TIMMINS, July 8, 2015—The impact of rising electricity costs on Ontario’s business community must be addressed by the provincial government, according to a new report from the Timmins Chamber of Commerce, in partnership with the Ontario Chamber of Commerce (OCC) and 40 chambers of commerce and boards of trade.
With five recommendations that government and energy agencies should pursue to curb rising costs and keep businesses in the province, Empowering Ontario: Constraining Costs and Staying Competitive in the Electricity Market is the result of the most extensive consultations ever undertaken by the province-wide network. To produce the report, the OCC conducted a year-long research and consultative process with over 100 businesses, energy experts, and government agencies.
The report is a timely one, according to a new public opinion research from Leger, which cautions that soaring electricity prices have reached a crisis point for Ontario businesses and consumers. The research finds that 81 percent of Ontarians are concerned that rising electricity prices will impact the health of the Ontario economy and the same percentage fear that rising electricity prices will impact their disposable income.
These numbers rise to 91 percent in northern Ontario, where concern over the negative impact of rising electricity prices on the economy is the highest in the province. Northern Ontarians are also the most concerned about the impact on their disposable income, with 90.8% believing the price of power will be felt in their pocketbook.
“Our business members continue to identify the price of electricity as one of their greatest challenges, regardless of their size or sector,” said Christine Bender, Chair of the Timmins Chamber of Commerce’s Policy Committee.
“We would urge the government to consider the recommendations in this report to mitigate the cost of doing business in Ontario. Such measures would make the province more competitive while helping to improve business confidence and protecting jobs.”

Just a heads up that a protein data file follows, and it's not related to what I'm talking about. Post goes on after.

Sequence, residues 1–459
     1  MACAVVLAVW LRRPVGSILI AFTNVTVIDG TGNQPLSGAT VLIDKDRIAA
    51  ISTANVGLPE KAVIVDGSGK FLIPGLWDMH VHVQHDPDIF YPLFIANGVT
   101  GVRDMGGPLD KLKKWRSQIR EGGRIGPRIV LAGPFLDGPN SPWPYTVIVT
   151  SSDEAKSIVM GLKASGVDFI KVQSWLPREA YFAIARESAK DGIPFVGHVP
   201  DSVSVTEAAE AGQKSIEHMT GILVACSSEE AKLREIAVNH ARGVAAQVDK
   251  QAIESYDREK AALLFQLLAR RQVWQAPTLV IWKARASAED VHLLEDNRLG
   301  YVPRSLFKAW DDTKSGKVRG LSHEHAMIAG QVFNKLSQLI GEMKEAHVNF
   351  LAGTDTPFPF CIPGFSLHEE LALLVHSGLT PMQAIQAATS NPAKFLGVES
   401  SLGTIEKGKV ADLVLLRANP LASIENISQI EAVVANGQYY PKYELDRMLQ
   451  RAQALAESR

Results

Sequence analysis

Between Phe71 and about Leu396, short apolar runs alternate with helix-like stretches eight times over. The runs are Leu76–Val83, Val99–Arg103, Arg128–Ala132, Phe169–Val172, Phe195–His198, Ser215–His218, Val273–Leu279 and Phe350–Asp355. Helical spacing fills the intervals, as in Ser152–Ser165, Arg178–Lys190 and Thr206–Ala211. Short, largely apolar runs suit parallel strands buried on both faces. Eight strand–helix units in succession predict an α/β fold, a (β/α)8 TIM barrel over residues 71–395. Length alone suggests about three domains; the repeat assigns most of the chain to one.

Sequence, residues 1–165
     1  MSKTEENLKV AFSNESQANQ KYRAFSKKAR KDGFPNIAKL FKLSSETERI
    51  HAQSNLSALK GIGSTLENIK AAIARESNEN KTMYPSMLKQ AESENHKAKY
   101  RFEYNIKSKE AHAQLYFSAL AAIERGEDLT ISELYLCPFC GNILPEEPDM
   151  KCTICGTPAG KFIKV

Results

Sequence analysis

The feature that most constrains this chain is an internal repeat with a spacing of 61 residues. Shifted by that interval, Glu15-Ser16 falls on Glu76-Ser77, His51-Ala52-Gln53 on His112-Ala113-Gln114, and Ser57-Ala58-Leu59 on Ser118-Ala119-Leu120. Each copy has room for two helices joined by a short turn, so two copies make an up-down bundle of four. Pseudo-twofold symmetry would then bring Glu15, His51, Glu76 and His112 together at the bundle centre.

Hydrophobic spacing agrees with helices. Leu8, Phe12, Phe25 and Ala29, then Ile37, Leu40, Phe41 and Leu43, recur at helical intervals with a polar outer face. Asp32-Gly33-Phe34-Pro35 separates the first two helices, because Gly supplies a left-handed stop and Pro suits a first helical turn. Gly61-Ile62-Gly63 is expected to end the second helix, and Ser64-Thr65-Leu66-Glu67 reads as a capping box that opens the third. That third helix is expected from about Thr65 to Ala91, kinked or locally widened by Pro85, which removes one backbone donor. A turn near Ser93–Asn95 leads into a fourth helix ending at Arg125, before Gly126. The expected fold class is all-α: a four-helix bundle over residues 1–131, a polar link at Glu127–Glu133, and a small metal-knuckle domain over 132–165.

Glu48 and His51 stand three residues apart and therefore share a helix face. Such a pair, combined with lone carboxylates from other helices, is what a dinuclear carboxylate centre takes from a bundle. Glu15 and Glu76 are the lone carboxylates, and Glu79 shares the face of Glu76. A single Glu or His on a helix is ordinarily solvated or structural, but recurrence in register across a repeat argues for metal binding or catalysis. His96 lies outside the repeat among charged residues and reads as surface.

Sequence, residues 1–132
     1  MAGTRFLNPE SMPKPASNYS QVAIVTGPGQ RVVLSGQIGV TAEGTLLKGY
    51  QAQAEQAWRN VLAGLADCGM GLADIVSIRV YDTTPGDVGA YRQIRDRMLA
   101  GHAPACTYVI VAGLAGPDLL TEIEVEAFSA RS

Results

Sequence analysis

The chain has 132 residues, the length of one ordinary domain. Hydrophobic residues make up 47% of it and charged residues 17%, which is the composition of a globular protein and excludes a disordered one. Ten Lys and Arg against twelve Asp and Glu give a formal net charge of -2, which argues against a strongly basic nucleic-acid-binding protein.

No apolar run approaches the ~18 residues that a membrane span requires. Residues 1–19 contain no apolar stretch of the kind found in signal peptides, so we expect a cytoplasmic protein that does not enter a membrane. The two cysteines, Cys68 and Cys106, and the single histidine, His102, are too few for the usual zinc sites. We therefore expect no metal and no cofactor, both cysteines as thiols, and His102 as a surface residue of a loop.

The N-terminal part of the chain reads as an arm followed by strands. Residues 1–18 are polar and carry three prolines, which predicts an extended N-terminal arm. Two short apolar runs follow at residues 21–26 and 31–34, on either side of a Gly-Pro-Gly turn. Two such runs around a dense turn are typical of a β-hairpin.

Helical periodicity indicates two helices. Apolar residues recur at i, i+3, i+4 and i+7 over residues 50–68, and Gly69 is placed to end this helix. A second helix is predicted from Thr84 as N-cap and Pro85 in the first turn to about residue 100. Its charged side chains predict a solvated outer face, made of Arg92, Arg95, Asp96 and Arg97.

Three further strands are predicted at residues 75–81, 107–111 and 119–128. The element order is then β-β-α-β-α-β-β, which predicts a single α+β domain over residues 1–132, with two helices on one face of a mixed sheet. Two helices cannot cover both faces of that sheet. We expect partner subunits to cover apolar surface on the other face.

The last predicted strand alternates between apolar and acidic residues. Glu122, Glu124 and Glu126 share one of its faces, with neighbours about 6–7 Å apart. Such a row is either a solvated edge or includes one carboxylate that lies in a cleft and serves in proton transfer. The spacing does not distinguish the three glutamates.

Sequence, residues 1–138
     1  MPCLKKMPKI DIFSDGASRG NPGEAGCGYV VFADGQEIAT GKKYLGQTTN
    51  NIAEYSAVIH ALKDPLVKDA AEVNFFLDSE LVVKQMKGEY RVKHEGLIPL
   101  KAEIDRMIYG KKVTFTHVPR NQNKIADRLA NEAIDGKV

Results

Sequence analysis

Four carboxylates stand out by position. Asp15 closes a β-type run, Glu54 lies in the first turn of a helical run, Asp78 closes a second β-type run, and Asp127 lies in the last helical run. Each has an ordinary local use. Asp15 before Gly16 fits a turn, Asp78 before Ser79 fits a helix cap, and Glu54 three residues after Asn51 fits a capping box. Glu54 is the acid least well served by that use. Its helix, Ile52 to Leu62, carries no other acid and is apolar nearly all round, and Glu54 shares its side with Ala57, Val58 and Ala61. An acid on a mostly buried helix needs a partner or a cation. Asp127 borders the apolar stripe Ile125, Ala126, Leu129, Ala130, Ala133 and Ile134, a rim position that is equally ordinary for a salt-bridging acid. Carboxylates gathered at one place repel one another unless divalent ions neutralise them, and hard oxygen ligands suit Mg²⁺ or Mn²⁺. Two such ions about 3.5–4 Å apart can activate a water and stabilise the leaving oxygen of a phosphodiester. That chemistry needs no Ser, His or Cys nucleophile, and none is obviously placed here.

Industrial electricity rates have increased by 16 percent since 2013, and will increase by a further 13 percent over the next five years. Northern industries are particularly sensitive to these cost challenges, given the additional energy costs associated with the regional climate and distance to markets, said Bender.
This has been particularly evident in Timmins, as rising energy rates were a factor in the relocation of Glencore’s Kidd Metallurgical Site to its Quebec facilities in 2010.
“We certainly applaud the Ontario government’s recognition of the unique conditions faced by businesses in our region, as it demonstrated when it made the $120-million Northern Industrial Electricity Program permanent earlier this year,” said Bender. “It was a welcome move to help the North’s large industrial firms by helping them to reduce electricity costs. However, more needs to be done to protect Ontario’s competitiveness, and this report stands as a good starting point.”
Among the report’s five recommendations is a push to improve the transparency of electricity pricing as well as factors contributing to increased system costs. By publishing average electricity rates and disclosing the costs of important investments, government will be held accountable for future decision-making. Currently, less than half of Ontarians understand the drivers that contribute to rising electricity bills.
The report also urges the government to consider moving away from a central procurement model, and look at a more competitive capacity market structure.
The report also identifies options that the government should not take or that have low potential for containing costs, such as importing hydroelectric power from Quebec to replace nuclear generation and cancelling feed-in tariff (FIT) contracts. Though common suggestions, the costs associated with such moves would render either approach unfeasible. An analysis of all the options considered can be found at www.occ.ca, or the extended version of the report.
“The Ontario Chamber Network of 60,000 businesses consistently hears that the price of electricity is undermining their members’ capacity to grow, hire new workers, and attract investment,” said Allan O’Dette, President and CEO of the Ontario Chamber of Commerce. “The Government of Ontario has before them a number of decisions that must be made in order to bend the trajectory of soaring electricity costs.”
About the Timmins Chamber of Commerce
With 750 members, the Timmins Chamber of Commerce is one of the largest accredited chambers of commerce with distinction in northeastern Ontario. As the “Voice of Business in Timmins” since 1949, our advocacy and policy initiatives focus on ensuring a positive business climate in the City of Timmins.
Manager of Policy, Research and Communications
Timmins Chamber of Commerce